Oil posts its highest finish since mid-March on stronger demand expectations, tighter supplies

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Oil futures finished higher on Thursday as brighter prospects for the Chinese and U.S. economy and tighter supplies helped lift prices to their highest finish since mid-March.

Price action
  • West Texas Intermediate crude for May delivery


    gained $1.40, or 1.9%, to settle at $74.37 per barrel on the New York Mercantile Exchange.

  • May Brent crude 

     , the global benchmark, gained 99 cents, or 1.3%, to $79.27 per barrel on ICE Futures Europe. Brent, as well as WTI, crude settled at their highest since march 13, according to Dow Jones Market Data.

  • Back on Nymex, April gasoline 
    lost nearly 0.3% at $2.6614 per gallon, while April heating oil
    declined by 1.3% to $2.6237 a gallon. The April contracts expire at the end of Friday’s session.

  • May natural gas
    fell by 3.7% to $2.104 per million British thermal units.

Market drivers

Oil prices may continue to climb if the global economic outlook improves, analysts said.

“Until the U.S. data tolls the recession bell, if broader markets remain in risk-on mode, oil could stay in relief rally mode supported by the same less threatening [Federal Reserve], a slightly weaker U.S. dollar, and hopes for the China recovery,” said Stephen Innes, managing partner at SPI Asset Management, in market commentary.

U.S. government data released Thursday was slightly downbeat, showing the growth rate of the U.S. economy at the end of 2022 was reduced to 2.6% due to weaker consumer spending. Separately, the number of Americans who applied for unemployment benefits last week rose to a three-week high of 198,000.

Read: Biden energy officials release strategy to boost offshore wind and cut its cost by 30%

The Organization of the Petroleum Exporting Countries and their allies, a group known as OPEC+, will hold a committee meeting Monday to review the oil market, against a backdrop of a potential recession and concerns over the banking crisis.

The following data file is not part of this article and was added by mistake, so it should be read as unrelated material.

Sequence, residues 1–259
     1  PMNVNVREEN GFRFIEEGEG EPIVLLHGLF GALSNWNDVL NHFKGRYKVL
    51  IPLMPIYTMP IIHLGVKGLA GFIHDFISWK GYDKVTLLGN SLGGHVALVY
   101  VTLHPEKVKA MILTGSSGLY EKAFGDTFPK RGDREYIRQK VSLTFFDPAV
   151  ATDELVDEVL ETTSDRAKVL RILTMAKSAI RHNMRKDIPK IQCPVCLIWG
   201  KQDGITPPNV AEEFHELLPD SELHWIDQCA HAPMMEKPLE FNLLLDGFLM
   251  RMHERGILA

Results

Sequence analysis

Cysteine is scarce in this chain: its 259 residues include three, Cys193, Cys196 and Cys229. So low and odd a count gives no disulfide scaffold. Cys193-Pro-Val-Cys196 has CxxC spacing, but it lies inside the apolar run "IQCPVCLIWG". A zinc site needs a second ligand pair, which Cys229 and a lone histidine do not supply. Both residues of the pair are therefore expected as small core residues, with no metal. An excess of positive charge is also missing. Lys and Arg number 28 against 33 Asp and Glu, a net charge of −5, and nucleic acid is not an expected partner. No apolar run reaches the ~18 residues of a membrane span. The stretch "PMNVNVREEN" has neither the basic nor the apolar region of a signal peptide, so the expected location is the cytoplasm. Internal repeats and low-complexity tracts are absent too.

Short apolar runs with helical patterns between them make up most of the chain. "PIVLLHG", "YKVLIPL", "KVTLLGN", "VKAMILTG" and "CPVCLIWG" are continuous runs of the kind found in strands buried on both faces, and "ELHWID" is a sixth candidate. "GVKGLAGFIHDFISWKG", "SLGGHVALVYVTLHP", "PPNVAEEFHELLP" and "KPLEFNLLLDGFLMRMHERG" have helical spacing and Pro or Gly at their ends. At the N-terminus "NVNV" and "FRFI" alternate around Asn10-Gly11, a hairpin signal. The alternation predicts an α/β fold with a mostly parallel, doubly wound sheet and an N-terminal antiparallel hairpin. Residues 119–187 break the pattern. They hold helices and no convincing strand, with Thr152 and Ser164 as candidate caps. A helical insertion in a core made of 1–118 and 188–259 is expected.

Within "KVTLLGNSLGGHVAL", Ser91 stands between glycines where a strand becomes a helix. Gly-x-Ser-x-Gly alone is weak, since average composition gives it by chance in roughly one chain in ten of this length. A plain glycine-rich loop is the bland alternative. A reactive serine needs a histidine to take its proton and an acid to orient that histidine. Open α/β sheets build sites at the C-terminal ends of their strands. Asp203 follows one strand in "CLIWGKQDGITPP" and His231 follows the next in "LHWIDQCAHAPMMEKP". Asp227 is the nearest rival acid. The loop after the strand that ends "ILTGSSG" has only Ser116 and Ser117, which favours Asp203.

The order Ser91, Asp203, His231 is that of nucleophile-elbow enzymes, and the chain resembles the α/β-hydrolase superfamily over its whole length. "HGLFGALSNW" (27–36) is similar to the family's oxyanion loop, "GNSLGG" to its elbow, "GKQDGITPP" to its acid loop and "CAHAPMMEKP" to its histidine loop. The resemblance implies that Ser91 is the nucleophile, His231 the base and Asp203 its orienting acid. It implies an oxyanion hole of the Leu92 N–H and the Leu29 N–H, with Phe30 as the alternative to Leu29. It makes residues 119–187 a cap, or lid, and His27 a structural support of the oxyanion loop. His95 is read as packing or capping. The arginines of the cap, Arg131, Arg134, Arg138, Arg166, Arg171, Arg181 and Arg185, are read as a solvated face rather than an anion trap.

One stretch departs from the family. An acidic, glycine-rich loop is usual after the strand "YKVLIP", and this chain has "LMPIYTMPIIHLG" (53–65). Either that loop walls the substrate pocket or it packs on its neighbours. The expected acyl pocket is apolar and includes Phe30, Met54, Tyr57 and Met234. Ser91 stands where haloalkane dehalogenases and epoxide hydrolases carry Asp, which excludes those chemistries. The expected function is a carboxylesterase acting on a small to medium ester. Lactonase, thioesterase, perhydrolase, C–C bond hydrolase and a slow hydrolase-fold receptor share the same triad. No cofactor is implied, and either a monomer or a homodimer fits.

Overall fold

Read: OPEC+ committee is set to review an oil market plagued by concerns over the banking crisis and a recession

Oil prices, for now, also likely found some support from a 7.5 million-barrel weekly decline in U.S. crude supplies reported by the Energy Information Administration on Wednesday. That was the largest weekly fall year to date.

Oil refiners are coming out of maintenance season and “demand for fossil fuels around the globe is surging,” said Phil Flynn, senior market analyst at The Price Futures Group, in a daily report. He believes those factors will contribute to what he refers to as a “new season of big petroleum supply draws in the coming weeks.”

Natural-gas futures on Nymex extended their decline to finish nearly 4% lower, after the EIA reported on Thursday a weekly decline in supplies of the commodity that was a bit lower than some market forecasts.

Domestic natural-gas supplies fell by 47 billion cubic feet for the week ended March 24, the EIA said. That compared with expectations for a decline of 56 billion cubic feet, according to a survey of analysts by The Wall Street Journal.

Meanwhile, the Freeport LNG export plant in Texas is on track to achieve full processing power Thursday after regulators indefinitely closed the facility last June after an explosion, StoneX’s Kansas City energy team, lead by Alex Hodes, wrote in Thursday’s newsletter. They said natural-gas flows into the facility reached 1.8 bcf Wednesday and were on pace to reach 2.1 bcf Thursday.

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